Each day here at Elcona I get the opportunity to interact with many of you, whether it is when I am driving around the property or when I get the chance to show off my subpar (in a bad way) golf talent in Men’s Night Out. These interactions provide me with some great feedback on the course and the chance to answer questions that you may have. Below are a few of the most asked questions I get on a weekly basis. Apologies in advance for the longer than normal post, but I thought it would be beneficial for all to know my reasoning behind some of the practices we do.
How do you repair a ballmark properly?
The key here is to NOT LIFT the center of the mark. This pulls the turf and roots out from the surface and greatly increases the recovery time of the pitchmark. A properly repaired mark heals in 3-4 days, while a poorly repaired one (see above) may take up to 21 days to heal.
When should I replace my divot in the fairway? Sometimes they are too little to replace.
Whenever possible, you should always replace your divot. Most of the time, even the tiny divots will root back down and recover. At a minimum, replacing all your divots keeps the fairway looking clean and helps minimize any shot from having to be played out of a divot.
Why aren’t any sand bottles on the carts?
Sand bottles are not supplied for the same reason as above: to help keep the course clean. Many times it is easier to reach for the sand bottle than walk a few yards to retrieve a divot, leaving the fairway looking littered. Also, many people overfill the divot with sand, leaving an unsightly pile and dulling mower blades during the next mowing. The grounds staff periodically fills all fairway divots during the golf season.
How close to greens and tees can I drive my cart?
When there is a cart path, please use it. Otherwise, please keep your cart a minimum of 30 feet from greens and tee complexes.
What is the preferred divot pattern on the practice tee?
One of my fellow superintendents posted this picture on Twitter, which illustrates my preference wonderfully. Either one straight line of divots taken out or multiple, small divots spread out across our hitting station is preferred. The healing time is much quicker and will provide additional hitting space for the next person. Taking out huge craters like the picture above will take quite a long time to fill in and heal.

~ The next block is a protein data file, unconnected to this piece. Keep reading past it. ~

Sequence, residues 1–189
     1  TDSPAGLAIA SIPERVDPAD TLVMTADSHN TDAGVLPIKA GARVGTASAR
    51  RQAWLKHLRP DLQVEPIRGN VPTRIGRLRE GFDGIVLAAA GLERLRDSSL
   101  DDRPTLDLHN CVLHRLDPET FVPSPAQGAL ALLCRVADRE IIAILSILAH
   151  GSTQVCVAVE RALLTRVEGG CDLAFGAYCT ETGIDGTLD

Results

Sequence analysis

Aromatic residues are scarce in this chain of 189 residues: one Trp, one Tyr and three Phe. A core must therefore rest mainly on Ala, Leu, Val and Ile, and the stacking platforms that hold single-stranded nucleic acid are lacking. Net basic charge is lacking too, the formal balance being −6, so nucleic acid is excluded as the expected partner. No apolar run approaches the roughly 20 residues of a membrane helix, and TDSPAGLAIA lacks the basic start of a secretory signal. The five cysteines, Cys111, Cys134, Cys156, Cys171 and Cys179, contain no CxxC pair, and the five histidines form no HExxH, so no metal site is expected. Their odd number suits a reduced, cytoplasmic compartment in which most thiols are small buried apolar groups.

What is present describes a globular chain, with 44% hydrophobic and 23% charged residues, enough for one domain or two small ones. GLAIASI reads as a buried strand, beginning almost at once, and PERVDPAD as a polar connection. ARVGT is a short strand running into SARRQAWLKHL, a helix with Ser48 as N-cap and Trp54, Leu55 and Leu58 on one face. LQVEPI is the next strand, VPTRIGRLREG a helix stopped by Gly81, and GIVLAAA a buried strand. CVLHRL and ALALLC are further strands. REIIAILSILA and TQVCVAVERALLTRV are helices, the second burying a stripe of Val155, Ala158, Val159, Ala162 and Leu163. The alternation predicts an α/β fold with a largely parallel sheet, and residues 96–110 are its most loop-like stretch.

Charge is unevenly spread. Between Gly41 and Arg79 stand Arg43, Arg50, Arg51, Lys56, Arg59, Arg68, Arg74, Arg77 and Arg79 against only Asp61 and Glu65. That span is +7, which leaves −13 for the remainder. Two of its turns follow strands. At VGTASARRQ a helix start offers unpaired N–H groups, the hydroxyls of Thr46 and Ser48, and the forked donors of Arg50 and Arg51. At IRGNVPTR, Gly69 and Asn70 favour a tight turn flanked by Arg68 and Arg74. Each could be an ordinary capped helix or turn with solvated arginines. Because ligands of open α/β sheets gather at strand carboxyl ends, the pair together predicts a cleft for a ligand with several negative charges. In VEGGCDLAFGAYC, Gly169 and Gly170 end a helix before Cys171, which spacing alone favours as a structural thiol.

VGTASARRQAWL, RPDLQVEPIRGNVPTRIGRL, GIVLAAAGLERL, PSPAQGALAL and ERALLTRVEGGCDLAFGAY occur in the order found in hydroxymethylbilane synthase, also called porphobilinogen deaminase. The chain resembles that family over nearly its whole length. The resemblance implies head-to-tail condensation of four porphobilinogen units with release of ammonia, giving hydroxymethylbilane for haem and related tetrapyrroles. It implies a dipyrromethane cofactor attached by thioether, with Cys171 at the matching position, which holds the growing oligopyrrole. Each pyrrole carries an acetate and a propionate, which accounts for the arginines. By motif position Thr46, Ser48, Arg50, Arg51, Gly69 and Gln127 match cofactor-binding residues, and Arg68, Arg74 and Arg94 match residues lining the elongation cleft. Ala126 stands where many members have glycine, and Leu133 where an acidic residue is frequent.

Why is someone hosing down a green and interrupting my round?
This individual is “syringing” or cooling down the Poa annua leaf tissue during a hot summer day. This misting typically takes one or two minutes. If you see a maintenance staff member working near you, please give him or her common courtesy and make sure they see you before you hit your next shot. They and their families will appreciate it.
What is the proper way to rake a bunker? Where should the rakes go when I am done?
At all times, please enter and exit the bunker at the back end, or away from the flow of play, to protect the edging around the bunker. The bunker should be raked smooth of all shot divots and footprints after the shot has been played. When done with the rake, place the rake outside the bunker, with the rake head pointing towards the direction of play. All of these help our staff maintain the course, and more importantly is a courtesy for your fellow members that will play the hole after you have finished.
What are the general maintenance principles of Elcona CC?
- Provide the finest quality playing surfaces with minimal inputs and a keen eye on environmental stewardship.
- To prepare, preserve and maintain the golf course as the major club asset and to afford the opportunity to provide enjoyment to the club’s members and guests.
- To protect, understand and fulfill the golf course architect’s and club membership’s vision with a goal of a fair golf challenge for all levels of player ability.
- To plan and execute programs and procedures that maintains a superior golf experience as well as enhances and protects the environment, property, and aesthetics of the club within the standards and benchmarks set within being a Certified Audubon Golf Course Sanctuary.
Other interesting facts about Elcona CC:
- Elcona’s total land area is 342 acres
o 132 acres of maintained turf
o 47 acres of natural grassland
o 116 acres of mixed forest habitat (prairie and wooded habitats)
o 41 acres of farmland that is cash rented out
o 4 ponds totaling 2.75 acres
- The golf course was originally designed by legendary Midwest architect William Diddel in 1956, and has undergone multiple improvements with guidance from architect Arthur Hills.
- In 2012, Elcona became the 8th course in Indiana and the 930th course in the world to be designated an Audubon Certified Golf Course Sanctuary.